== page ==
The key takeaway is that thanks to advancements in algorithms coupled with cloud computing capabilities, companies are able to solve more complex supply chain puzzles quicker and achieve greater benefits. To aid clients in this area, Quintiq is in the process of enabling Optimization-as-a-Service, where clients can tap into Quintiq’s computing power and resources — similar to how companies leverage Amazon Web Services (AWS) — to help them solve optimization problems faster.
In the afternoon, I attended the breakout sessions on workforce planning, an important component of supply chain management that doesn’t get enough attention from analysts and the press (including me, I admit, which is why I attended). The sessions featured speakers from Southwest Airlines and the Federal Aviation Administration, two entities with immensely complex workforce planning puzzles.
Southwest Airlines has more than 18,000 employees across 90+ airports. Needless to say, trying to do headcount planning, schedule development, and scenario evaluation manually — while taking into account regulations and labor agreements — was becoming a losing battle, which is what prompted Southwest Airlines to work with Quintiq to both modernize and optimize its workforce planning process.
Similarly, the FAA has more than 45,000 employees with a total operating budget of $9.5 billion and annual labor costs in excess of $7.3 billion ($2.4 billion related to Airspace and Air Traffic Management, which was the scope of the case study). Prior to working with Quintiq, the FAA was performing many of its workforce planning and scheduling functions manually, which was very time consuming and labor intensive. It also lacked a common application to develop optimized schedules by facility for a day, pay period, or a year, and it didn’t have long-term planning capabilities either.
I don’t have the space today to dive into the details of both case studies, but they opened my eyes to how critical and complex workforce planning is for many companies, and how it’s arguably the weakest link in the transformation journey. Take a look at the retail industry, for example, which will hire more than 750,000 workers between October and December to support the holiday season. As the Wall Street Journal reported recently, “retailers have come under fire for low pay and a practice known as on-call scheduling that changes workers’ hours with little notice [emphasis mine]. Gap Inc., Abercrombie & Fitch Inc. and L Brands Inc.’s Victoria’s Secret chain are doing away with the erratic scheduling.” To me, the practice of on-call scheduling is a symptom of poor workforce planning capabilities. Therefore, let me make an early prediction for 2016: workforce planning will move out of the shadows and into the spotlight for companies looking to move forward in their transformation journey.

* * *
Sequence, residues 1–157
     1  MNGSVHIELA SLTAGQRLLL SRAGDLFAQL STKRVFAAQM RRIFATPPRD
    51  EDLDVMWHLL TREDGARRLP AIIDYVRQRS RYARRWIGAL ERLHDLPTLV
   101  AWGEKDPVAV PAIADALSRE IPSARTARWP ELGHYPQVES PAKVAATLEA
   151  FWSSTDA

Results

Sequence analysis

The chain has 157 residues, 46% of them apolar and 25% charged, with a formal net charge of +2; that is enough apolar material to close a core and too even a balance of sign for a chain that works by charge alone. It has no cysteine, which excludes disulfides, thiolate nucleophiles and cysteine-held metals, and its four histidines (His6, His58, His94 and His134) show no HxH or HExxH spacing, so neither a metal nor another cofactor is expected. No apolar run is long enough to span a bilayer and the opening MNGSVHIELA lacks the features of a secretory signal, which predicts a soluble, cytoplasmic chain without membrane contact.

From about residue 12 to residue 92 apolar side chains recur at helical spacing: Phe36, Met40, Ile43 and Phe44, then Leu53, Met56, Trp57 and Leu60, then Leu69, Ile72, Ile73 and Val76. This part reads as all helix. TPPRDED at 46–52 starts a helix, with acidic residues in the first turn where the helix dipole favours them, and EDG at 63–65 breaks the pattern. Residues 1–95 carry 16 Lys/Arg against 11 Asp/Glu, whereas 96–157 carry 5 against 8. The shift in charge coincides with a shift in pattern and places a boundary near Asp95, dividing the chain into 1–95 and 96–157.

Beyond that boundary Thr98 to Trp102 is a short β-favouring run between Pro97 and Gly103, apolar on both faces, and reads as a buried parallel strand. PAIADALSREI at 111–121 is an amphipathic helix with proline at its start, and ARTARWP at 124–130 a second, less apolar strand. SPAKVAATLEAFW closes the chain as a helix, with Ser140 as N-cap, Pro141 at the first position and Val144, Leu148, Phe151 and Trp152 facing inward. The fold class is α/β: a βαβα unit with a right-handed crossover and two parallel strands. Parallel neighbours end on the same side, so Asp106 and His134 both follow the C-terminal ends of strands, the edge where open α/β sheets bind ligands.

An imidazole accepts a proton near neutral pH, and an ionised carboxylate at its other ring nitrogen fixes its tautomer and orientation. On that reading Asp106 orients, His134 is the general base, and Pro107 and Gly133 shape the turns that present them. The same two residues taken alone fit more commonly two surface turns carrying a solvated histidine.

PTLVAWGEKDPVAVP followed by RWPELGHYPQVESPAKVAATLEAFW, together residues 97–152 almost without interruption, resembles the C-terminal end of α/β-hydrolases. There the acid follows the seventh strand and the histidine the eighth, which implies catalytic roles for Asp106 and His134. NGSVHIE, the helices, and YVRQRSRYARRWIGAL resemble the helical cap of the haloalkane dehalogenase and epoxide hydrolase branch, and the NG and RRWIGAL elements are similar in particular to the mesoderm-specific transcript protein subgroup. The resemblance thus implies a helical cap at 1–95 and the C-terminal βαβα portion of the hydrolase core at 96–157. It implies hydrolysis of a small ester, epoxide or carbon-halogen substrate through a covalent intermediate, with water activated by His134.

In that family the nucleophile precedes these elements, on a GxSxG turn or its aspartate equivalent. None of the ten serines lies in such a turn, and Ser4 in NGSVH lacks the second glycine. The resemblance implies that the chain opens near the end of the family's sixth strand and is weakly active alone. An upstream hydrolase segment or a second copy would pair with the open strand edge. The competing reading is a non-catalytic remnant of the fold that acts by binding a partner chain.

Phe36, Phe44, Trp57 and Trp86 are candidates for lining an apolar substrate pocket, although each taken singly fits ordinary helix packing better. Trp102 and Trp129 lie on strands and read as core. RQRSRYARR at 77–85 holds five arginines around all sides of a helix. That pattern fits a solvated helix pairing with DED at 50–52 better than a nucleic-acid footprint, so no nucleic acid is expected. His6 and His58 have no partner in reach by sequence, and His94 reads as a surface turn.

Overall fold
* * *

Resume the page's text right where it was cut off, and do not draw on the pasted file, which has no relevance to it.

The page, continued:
As I flew back home from the conference, I reflected on the young professional’s words and how wise she was in choosing a career in supply chain management — where you truly don’t live the same day twice, and where there is always another puzzle to solve.
P.S. I’ll be speaking at Quintiq’s World Tour event in Amsterdam next Thursday, November 12. If you plan to attend, I look forward to learning and networking with you there!